Is there data about how the mode of a states army affects the probability that it is employed against its own people? I mean is it more liklier that the army is used to supress the own people or a certain group of people when the army is based mostly on career soldiers or long term conscripts? And will the probability decrease when most conscripts will only enlisted for a short period?

Is there research whether the length of mandatory military service affects the probability an individal will refuse immoral or illegal orders?

Also thinking about whether it affects the probality of a coup or a revolution, and whether the army will beat down uprisings and revolution.

  • I can't think of a case where soldiers refused orders to suppress civil uprising except on orders of their officers, and officers are almost always career soldiers. I could be mistaken, though.
    – Philipp
    Nov 15, 2015 at 17:11
  • 1
    This may be very difficult to answer, because professional armies frequently tend to be correllated with countries that don't experience much uprisings in the first place (or vice versa).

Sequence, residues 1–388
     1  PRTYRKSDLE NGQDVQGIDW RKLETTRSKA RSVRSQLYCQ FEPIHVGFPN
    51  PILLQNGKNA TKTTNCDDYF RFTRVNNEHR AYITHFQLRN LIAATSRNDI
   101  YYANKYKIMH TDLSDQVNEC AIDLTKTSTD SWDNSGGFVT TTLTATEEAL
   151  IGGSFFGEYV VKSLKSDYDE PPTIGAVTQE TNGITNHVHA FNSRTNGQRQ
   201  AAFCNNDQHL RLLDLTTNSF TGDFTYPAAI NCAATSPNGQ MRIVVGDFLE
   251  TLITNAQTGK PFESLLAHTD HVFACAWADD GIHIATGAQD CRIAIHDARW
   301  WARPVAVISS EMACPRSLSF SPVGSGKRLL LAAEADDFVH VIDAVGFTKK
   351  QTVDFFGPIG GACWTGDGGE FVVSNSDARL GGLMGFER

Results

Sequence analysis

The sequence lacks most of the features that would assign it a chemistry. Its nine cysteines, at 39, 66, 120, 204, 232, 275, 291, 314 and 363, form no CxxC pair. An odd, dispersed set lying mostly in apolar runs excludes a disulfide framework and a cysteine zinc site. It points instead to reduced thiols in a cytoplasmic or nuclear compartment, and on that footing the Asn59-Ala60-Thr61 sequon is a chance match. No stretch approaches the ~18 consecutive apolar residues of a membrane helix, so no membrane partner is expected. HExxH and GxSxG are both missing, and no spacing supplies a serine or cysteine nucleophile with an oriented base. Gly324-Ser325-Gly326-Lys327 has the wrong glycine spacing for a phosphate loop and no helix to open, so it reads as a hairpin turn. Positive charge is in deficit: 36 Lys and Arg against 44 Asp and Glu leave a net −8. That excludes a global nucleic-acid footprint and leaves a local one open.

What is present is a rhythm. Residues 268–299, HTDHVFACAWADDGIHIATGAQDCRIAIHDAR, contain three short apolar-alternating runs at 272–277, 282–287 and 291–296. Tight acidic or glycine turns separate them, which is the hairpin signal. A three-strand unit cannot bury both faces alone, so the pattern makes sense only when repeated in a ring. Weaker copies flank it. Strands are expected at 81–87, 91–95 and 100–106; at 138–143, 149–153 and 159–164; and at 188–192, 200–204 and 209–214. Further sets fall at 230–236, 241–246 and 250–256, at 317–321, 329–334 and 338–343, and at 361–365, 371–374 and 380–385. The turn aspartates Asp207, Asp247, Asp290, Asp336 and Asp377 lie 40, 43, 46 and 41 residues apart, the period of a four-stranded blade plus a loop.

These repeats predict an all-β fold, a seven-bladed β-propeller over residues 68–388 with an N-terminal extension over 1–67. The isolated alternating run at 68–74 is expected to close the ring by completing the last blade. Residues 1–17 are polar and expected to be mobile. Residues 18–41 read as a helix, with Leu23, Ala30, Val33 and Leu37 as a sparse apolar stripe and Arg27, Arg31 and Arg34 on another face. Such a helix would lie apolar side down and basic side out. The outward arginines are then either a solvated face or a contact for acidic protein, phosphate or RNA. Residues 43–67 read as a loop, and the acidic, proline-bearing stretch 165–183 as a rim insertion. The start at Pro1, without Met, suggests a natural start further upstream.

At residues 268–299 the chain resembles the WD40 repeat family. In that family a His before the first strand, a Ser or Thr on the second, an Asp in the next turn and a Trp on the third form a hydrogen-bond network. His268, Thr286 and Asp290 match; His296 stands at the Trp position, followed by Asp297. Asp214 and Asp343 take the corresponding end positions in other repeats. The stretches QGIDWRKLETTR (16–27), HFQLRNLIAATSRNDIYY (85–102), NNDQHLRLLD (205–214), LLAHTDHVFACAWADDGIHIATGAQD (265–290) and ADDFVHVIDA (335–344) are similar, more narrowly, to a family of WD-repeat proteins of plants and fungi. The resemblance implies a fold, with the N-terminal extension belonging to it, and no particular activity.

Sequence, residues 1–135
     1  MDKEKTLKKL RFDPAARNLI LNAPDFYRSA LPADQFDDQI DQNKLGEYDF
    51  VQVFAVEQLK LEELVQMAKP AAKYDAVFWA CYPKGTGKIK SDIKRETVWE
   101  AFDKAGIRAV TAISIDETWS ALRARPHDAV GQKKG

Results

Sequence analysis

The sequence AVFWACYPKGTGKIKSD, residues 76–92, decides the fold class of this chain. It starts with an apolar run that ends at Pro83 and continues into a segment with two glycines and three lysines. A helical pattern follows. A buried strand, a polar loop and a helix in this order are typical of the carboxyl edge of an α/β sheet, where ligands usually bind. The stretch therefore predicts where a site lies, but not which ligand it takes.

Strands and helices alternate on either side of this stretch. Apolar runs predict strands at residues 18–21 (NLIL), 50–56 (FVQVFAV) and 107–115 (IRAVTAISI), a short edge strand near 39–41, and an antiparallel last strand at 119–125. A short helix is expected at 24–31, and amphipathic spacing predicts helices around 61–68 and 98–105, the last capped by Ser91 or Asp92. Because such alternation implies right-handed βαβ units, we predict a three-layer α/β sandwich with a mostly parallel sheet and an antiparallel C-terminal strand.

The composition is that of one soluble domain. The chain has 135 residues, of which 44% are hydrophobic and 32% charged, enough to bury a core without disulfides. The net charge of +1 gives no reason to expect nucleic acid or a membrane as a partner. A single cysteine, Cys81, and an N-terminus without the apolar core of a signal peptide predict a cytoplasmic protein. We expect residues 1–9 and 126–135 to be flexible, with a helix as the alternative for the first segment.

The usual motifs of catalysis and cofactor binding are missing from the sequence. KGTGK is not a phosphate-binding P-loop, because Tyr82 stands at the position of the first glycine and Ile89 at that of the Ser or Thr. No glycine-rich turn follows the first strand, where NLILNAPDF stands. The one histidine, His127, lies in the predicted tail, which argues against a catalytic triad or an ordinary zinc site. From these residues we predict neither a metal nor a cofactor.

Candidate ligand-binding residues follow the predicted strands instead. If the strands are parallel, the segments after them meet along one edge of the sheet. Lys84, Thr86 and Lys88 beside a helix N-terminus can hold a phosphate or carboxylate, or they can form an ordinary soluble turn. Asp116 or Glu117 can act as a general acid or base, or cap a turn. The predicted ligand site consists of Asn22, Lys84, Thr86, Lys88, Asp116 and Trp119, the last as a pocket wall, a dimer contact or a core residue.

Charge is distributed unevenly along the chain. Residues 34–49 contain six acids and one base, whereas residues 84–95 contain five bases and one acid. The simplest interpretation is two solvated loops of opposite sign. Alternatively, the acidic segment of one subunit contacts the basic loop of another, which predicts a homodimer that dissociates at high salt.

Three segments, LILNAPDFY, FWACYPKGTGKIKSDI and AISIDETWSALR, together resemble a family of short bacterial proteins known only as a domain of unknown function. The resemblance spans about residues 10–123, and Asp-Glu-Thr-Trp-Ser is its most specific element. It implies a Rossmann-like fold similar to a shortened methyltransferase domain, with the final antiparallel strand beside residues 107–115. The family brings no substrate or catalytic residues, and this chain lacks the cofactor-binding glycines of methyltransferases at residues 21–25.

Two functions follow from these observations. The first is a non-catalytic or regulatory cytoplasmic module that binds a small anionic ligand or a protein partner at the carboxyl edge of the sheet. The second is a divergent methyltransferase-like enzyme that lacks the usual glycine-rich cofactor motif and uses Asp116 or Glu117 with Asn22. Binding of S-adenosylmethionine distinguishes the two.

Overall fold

– user4012
    Nov 15, 2015 at 21:38
  • I would like to ass following assumptions.
    – user16032
    Nov 21, 2015 at 23:10
  • I would like to ass following assumptions (i) a conscript army tends to be more similar to a professional army the longer the conscript iis. e.g.China, Israel have a relativ long conscript which enhances the separation between "army" and "civilian". (ii) professional soldiers can be seen as "worrier caste", which are distinctly separated from civil society. Would you agree?
    – user16032
    Nov 22, 2015 at 9:00
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    Professional does not mean 'volunteer.' It is possible to have a volunteer, but non-professional force, and vice versa, see Soldier and the State by Huntington. Dec 17, 2015 at 13:18


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